The Writer

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We writers are pretty easy to please when it comes to computing requirements. Writing can be achieved with the simplest of media: white screen, black text.

As an avid free and open source software (FOSS) advocate, I’ve spent some time over the last few years writing on the Linux platform. I’ve come to discover that it’s still an immature platform for certain folks, such as hardcore gamers or multimedia professionals. But for those who have their fun (or make their living) by putting words on (e-)paper, Linux offers a perfectly usable platform for doing everything a writer needs to do.

I’d like to introduce some of the most basic writing tools available on the Linux platform. Firstly, note that the availability of these tools may depend on your distribution, or the “kind” of Linux you run. Examples of this include Ubuntu (along with its siblings Kubuntu, Xubuntu, and others), Red Hat’s Fedora, or Novell’s OpenSuSE. The differences between these is far beyond the scope of this (or indeed, most any other single) article. For now, just know that you can pick one, and it will likely have everything you need, but maybe not everything below.

Text Editors

Most writers are accustomed to working in a word processor such as Microsoft Word. But for many types of writing, a program this large is overkill. Text editors are an excellent tool for brainstorming and getting rough drafts out of your head, for two reasons:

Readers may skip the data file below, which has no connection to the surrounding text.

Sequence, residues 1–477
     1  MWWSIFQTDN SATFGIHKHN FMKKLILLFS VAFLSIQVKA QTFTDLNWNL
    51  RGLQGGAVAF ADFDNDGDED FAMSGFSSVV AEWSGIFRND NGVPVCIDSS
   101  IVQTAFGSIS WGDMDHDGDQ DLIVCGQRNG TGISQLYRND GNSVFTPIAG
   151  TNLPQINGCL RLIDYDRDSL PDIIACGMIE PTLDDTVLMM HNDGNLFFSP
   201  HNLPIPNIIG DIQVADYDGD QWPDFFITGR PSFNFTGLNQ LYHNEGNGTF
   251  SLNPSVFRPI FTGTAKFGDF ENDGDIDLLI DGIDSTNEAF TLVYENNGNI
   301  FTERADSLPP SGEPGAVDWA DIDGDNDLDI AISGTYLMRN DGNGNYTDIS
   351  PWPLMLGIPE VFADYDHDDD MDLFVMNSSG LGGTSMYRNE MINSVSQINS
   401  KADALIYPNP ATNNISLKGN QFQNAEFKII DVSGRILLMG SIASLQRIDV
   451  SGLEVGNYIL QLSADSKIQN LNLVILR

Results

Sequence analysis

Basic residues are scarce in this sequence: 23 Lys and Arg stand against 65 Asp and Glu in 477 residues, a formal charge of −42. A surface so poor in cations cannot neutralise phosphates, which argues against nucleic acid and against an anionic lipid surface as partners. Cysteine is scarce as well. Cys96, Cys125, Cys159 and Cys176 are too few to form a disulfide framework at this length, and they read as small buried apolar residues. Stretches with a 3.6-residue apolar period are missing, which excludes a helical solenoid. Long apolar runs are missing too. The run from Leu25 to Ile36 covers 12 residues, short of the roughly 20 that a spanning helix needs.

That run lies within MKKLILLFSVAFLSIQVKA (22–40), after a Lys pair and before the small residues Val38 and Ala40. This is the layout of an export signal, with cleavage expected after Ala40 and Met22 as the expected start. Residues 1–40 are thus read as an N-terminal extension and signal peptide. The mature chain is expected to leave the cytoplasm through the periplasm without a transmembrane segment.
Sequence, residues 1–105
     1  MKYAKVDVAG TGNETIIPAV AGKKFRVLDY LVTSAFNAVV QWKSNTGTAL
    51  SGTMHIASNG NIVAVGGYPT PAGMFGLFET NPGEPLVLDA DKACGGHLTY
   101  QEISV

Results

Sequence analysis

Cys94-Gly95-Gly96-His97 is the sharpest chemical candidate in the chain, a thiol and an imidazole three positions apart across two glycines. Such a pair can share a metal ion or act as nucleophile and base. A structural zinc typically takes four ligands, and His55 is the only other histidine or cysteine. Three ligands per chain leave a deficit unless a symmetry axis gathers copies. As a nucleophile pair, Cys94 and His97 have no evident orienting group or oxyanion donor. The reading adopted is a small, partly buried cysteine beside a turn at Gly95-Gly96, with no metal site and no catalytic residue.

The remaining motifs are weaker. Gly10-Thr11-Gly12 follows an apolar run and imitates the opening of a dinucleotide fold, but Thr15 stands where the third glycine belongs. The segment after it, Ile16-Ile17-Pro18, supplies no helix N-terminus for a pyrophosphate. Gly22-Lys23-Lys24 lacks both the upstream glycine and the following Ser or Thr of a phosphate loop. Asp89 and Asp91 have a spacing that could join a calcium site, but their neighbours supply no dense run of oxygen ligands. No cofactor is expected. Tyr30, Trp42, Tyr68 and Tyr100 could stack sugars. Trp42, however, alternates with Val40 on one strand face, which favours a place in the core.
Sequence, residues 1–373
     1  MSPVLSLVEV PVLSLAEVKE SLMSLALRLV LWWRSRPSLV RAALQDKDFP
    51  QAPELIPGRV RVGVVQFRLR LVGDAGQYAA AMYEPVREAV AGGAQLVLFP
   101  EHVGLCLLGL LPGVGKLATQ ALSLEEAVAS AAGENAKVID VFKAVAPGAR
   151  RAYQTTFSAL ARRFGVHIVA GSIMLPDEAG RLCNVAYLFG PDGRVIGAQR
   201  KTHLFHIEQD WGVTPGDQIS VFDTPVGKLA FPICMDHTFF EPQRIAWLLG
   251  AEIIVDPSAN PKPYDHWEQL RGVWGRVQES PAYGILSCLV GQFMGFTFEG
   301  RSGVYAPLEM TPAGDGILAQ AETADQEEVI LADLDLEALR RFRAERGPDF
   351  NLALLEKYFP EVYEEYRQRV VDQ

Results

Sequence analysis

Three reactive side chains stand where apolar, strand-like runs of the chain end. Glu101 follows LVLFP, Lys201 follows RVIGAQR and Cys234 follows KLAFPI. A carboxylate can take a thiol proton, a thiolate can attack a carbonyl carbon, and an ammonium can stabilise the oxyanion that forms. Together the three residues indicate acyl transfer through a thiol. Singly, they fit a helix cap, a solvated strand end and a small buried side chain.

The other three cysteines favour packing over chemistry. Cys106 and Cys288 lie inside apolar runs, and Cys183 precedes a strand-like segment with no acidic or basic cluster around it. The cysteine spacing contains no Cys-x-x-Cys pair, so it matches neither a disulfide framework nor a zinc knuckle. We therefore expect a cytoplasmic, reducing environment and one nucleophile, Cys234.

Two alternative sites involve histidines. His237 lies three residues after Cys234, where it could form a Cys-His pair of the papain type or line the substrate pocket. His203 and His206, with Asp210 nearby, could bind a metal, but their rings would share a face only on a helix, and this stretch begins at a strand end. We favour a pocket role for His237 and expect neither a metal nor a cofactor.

1. Firstly, many text editors tend to be pretty spartan interface-wise. There are few buttons, toolbars, or other flashing widgets to interrupt your writing. Plus, tell a Linux guru that you love your text editor, and they will respect you.
  2. Secondly, plain text files are about as portable a format as you are likely to find. This includes both across operating systems (e.g. Windows, Mac, Linux, and others) as well as devices (such as smartphones or Internet devices). If you begin your writing process in plain text, there are very few places you won’t be able to work on it.

There are literally too many text editors to count for the Linux platform. You could spend the next few years sifting through all of the arguments for or against two perennial favorites: emacs, and vi/vim. I’m not going to say that there aren’t many powerful features for writers in either of these programs. But I will assert that these are not the Linux text editors on which you want to cut your teeth. The following are much friendlier to the new Linux user:

  • Kate: An editor for the KDE desktop, installed by default on most systems. There are many useful plug-ins you can add as well.
  • Gedit: Ditto the above, only for the GNOME desktop.
  • nano: An editor for the command line or terminal window, with keyboard shortcuts conveniently listed at the bottom of the screen.
  • cooledit: I list this not because it is an especially capable editor, but because it is included with the Midnight Commander, an excellent clone of the old DOS Norton Commander two-pane file manager. It’s very convenient to navigate through directories and quickly modify text files from within a single screen.